Survival of the Ministers: On Ministerial Durability in Postwar Norway

Martin G. Søyland

The field of ministerial durability, showing why some ministers are dismissed and others not, has increased in size over the last decade. Specifically, linking ministerial performance through resignation calls with durability has been applied to both majoritarian and semi-presidential systems, whereas this link is less explored in consensual electoral systems. Thus, this study explores the relationship between ministerial performance and durability in postwar Norway, drawing on the principal-agent theory for parliamentary democracies and the accountability link between party leaders and ministers.

The main finding is that there are many similarities to other studies’ ministerial durability and performance. By measuring performance in resignation calls coming through the media, it is found that ministerial durability is decreased when performance is low: the more resignation calls a minister gets, the more likely the minister is to be removed by the party leader. Consequently, it is argued that ministers generally are held accountable by their party leaders whenever they are perceived to perform badly. Even though it is argued in the article that studies on ministerial durability and performance would benefit from alternative performance measures, the analysis shows that resignation calls give a good indication of how party leaders hold ministers accountable.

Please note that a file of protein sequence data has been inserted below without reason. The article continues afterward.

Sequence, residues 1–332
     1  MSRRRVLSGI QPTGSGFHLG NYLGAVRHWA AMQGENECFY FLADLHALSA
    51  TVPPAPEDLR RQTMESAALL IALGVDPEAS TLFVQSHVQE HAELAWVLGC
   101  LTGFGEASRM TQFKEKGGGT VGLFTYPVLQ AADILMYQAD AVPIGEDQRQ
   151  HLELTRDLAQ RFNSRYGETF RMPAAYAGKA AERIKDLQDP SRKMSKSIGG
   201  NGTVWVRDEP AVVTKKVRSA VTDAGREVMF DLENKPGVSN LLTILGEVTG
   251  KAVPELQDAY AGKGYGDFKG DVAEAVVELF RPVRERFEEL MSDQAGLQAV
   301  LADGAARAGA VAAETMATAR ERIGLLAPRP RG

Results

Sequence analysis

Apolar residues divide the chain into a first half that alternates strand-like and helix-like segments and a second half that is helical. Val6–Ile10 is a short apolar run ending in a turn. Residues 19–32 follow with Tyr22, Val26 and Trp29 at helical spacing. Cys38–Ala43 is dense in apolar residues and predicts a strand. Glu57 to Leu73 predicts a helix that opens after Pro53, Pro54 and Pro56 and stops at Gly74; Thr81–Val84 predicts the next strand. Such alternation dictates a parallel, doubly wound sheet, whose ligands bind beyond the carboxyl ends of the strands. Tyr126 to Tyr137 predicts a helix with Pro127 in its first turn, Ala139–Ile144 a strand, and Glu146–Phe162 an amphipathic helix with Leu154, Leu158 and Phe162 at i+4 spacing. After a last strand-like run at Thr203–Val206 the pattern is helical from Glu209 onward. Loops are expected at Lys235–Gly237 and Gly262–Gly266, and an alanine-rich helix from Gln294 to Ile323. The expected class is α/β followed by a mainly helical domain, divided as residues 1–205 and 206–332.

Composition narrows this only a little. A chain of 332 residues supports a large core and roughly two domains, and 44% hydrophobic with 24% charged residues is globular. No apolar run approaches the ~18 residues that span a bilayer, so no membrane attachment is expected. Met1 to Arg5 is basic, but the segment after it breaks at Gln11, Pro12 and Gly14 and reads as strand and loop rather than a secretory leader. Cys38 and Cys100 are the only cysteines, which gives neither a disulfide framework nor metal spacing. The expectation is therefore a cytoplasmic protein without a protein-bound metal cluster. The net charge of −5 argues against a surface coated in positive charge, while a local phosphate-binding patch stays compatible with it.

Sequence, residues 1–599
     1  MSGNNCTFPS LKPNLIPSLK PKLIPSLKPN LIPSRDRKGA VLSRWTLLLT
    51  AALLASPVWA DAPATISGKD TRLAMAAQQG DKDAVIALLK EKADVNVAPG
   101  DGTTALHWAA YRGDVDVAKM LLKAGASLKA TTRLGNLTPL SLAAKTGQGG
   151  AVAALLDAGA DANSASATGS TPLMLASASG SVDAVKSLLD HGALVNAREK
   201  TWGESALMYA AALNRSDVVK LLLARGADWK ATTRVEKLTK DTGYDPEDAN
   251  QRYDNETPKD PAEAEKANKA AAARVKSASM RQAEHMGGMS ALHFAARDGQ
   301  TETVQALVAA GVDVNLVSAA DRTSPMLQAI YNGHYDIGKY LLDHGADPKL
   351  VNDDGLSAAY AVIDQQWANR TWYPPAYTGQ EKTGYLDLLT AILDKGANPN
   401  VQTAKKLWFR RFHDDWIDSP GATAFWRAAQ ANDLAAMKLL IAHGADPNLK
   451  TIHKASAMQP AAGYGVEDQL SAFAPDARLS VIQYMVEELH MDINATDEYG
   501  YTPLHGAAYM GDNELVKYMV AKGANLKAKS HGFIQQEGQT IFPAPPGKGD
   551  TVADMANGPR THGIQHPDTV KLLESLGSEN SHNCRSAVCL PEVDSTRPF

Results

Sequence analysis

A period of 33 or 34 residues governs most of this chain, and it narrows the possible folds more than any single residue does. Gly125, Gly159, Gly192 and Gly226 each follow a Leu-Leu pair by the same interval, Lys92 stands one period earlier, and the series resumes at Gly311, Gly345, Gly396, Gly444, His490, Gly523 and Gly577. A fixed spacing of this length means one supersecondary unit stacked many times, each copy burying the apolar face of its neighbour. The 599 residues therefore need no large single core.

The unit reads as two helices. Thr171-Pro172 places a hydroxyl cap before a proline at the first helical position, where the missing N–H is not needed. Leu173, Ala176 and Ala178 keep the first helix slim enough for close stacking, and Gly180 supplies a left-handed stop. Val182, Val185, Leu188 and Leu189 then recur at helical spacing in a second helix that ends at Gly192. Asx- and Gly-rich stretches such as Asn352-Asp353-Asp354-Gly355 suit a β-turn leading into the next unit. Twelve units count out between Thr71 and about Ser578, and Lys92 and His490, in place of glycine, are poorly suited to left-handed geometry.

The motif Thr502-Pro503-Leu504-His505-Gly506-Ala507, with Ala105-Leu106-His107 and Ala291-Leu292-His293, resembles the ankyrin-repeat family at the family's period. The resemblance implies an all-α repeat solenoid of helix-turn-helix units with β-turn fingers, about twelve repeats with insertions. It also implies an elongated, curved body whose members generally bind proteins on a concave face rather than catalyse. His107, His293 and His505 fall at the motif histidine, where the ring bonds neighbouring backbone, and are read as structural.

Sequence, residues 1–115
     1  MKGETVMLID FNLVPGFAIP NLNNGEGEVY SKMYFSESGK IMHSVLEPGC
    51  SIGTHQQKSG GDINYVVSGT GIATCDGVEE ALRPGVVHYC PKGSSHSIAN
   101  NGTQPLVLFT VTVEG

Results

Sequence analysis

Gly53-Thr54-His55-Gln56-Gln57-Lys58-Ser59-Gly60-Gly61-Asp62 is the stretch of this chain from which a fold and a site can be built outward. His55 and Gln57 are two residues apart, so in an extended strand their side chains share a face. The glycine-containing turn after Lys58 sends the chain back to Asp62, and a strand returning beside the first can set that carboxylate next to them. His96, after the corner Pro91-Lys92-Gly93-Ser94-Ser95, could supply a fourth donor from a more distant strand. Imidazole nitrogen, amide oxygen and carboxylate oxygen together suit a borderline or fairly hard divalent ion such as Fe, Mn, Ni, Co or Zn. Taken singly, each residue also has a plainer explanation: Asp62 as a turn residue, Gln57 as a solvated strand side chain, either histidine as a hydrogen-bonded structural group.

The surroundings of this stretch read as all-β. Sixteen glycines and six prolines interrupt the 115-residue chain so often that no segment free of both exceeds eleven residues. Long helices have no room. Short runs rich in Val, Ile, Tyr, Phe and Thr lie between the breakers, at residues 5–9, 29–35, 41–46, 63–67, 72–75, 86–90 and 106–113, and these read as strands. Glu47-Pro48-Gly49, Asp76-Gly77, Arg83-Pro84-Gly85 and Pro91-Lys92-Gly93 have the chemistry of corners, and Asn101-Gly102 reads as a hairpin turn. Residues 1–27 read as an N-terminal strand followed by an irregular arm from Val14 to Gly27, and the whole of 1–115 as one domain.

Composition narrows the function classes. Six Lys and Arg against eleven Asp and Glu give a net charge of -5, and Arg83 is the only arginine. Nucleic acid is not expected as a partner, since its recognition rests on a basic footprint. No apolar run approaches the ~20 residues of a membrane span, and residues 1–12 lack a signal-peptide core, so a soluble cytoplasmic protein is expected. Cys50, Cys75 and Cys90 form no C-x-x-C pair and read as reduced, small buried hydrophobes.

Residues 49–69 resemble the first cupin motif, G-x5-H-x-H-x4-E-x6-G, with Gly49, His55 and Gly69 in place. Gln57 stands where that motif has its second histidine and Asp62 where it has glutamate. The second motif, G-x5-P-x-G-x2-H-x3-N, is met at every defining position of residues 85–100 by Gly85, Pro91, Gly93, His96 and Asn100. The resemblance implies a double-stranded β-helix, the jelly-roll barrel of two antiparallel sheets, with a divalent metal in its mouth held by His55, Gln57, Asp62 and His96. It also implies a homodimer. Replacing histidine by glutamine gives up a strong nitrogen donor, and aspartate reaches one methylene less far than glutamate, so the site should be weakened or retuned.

Scandinavian Political Studies, vol. 40 (2), 2017. Find the article here.

Published Sep. 25, 2017 2:25 PM - Last modified Sep. 25, 2017 2:25 PM